The report is a substantial piece of research conducted over one semester. It takes the form of report (between 10000 and 15000 words) on an approved subject of your choice. The report is an opportunity to advance your knowledge and skills in a particular area. The objective of the report is to allow you to develop research and analytic skills by undertaking an in depth study of your own selection. The expected learning outcomes of the report include the ability to think critically about a problem and develop an appropriate research methodology or analytical approach to address it; identify and access appropriate sources of information, research and literature relevant to the issues; undertake relevant primary and secondary research; and present your findings in a way that demonstrates academic and professional competence. A report generally includes a literature review to delineate a problem; a statement of research aims or objectives, as well as research questions; an explanation of research methods; presentation and analysis of data; and discussion of conclusions. Permission to continue the Report may be subject to a satisfactory research proposal being approved by your supervisor by week 3 of semester. Reports are due at the end of the first week of exams for the semester in which you are enrolled. The assessment is based solely on the submission of your report. The report is generally marked by two examiners, neither of whom is your supervisor.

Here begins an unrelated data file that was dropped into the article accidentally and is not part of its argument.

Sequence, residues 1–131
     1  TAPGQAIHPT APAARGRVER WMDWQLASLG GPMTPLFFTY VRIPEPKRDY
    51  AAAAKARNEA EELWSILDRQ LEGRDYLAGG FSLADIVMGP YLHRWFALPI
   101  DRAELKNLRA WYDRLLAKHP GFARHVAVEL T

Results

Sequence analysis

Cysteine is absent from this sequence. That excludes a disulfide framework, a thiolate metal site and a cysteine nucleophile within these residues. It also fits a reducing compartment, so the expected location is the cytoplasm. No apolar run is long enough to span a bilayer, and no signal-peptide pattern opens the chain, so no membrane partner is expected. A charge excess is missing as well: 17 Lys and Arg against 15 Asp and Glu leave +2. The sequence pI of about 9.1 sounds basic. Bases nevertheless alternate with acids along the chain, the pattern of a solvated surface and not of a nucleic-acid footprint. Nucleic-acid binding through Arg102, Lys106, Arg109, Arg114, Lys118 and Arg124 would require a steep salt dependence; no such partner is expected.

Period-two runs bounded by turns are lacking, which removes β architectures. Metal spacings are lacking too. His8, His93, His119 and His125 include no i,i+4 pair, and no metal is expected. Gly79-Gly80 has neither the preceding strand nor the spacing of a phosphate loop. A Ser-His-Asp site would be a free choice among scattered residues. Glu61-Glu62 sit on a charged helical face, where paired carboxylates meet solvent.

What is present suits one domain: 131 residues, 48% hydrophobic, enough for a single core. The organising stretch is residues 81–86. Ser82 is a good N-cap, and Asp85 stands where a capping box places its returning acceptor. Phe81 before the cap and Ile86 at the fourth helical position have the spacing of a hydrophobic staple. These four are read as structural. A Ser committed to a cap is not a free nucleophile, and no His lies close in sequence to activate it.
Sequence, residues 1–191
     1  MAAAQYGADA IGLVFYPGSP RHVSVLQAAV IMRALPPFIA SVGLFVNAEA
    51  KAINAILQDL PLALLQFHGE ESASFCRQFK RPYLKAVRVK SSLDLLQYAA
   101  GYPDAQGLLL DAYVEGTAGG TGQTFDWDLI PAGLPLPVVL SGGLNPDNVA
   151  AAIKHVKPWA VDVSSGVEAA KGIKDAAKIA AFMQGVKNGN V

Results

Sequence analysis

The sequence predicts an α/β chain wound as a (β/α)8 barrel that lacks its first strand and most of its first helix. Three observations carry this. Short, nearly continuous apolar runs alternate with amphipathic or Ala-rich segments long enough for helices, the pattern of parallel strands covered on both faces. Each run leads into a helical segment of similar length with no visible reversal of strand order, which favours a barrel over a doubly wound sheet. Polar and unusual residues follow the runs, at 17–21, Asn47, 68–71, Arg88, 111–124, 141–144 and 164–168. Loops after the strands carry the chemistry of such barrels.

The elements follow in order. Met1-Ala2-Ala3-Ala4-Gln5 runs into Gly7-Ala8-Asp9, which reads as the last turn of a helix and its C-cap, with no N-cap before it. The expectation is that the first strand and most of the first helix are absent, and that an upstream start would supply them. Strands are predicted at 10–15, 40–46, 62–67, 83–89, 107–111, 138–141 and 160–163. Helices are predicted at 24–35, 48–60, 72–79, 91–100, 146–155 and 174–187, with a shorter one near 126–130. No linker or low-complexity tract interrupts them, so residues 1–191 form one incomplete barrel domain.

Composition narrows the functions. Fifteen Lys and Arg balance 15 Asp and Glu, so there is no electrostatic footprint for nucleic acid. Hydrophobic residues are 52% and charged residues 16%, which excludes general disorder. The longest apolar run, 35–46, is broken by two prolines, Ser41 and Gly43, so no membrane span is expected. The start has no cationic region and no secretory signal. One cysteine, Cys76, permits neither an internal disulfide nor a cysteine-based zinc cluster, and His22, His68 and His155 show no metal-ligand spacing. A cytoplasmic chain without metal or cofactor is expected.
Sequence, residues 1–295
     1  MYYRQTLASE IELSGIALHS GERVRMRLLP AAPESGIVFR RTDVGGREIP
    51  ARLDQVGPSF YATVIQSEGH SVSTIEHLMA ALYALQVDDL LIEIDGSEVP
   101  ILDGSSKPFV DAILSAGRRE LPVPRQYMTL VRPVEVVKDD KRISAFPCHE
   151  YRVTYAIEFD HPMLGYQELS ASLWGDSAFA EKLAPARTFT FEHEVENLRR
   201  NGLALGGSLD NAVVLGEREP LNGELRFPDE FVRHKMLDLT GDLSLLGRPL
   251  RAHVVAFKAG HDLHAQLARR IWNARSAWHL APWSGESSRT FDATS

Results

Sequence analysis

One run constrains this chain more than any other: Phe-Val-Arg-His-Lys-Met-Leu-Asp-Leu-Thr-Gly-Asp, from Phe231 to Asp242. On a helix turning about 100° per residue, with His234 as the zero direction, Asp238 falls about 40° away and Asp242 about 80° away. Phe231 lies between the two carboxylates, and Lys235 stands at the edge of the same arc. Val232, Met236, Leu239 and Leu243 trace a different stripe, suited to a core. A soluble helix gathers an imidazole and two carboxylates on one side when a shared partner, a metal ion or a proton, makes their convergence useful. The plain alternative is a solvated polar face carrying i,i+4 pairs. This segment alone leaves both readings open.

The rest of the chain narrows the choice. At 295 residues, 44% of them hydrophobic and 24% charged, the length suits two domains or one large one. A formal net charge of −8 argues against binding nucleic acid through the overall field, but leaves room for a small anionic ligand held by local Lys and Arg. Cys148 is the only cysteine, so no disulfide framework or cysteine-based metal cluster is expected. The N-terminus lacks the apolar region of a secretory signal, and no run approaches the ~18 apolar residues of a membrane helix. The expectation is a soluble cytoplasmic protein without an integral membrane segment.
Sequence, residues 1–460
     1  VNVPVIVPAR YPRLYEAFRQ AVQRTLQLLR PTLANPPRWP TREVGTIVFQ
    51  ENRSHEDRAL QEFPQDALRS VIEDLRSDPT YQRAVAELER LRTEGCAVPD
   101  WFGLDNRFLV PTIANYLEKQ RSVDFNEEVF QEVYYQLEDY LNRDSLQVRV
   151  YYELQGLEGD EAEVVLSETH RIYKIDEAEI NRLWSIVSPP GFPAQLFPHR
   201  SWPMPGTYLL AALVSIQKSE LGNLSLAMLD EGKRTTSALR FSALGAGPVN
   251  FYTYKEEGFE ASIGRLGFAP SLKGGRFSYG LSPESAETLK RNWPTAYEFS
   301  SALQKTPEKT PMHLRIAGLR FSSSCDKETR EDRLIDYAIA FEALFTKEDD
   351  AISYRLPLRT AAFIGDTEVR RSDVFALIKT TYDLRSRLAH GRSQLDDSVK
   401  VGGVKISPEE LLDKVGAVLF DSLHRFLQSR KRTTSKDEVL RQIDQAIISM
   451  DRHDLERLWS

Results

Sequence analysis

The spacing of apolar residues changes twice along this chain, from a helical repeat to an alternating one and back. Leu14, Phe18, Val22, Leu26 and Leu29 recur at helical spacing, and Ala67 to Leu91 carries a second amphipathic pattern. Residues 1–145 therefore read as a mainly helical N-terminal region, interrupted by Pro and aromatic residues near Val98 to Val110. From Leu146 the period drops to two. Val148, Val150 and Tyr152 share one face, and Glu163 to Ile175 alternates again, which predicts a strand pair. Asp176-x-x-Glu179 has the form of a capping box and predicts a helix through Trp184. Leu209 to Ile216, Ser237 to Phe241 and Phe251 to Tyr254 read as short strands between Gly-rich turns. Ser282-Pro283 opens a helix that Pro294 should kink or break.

DESC9015 Building Energy Analysis

Credit points: 6 Teacher/Coordinator: Prof Richard Hyde Session: Semester 1a Classes: 5 day intensive (9am-5pm) Assessment: 2 assignments (100%) Mode of delivery: Block Mode